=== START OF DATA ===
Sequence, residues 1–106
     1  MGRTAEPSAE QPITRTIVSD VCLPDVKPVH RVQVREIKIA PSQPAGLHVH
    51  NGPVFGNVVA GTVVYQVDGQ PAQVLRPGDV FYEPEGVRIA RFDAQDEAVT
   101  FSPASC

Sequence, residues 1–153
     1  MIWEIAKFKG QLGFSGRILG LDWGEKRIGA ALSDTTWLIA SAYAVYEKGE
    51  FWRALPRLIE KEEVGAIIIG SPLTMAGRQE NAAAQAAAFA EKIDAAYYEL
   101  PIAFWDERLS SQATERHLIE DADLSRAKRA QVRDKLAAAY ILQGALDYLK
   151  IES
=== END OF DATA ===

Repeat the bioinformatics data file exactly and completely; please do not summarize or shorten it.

Sequence, residues 1–106
     1  MGRTAEPSAE QPITRTIVSD VCLPDVKPVH RVQVREIKIA PSQPAGLHVH
    51  NGPVFGNVVA GTVVYQVDGQ PAQVLRPGDV FYEPEGVRIA RFDAQDEAVT
   101  FSPASC

Sequence, residues 1–153
     1  MIWEIAKFKG QLGFSGRILG LDWGEKRIGA ALSDTTWLIA SAYAVYEKGE
    51  FWRALPRLIE KEEVGAIIIG SPLTMAGRQE NAAAQAAAFA EKIDAAYYEL
   101  PIAFWDERLS SQATERHLIE DADLSRAKRA QVRDKLAAAY ILQGALDYLK
   151  IES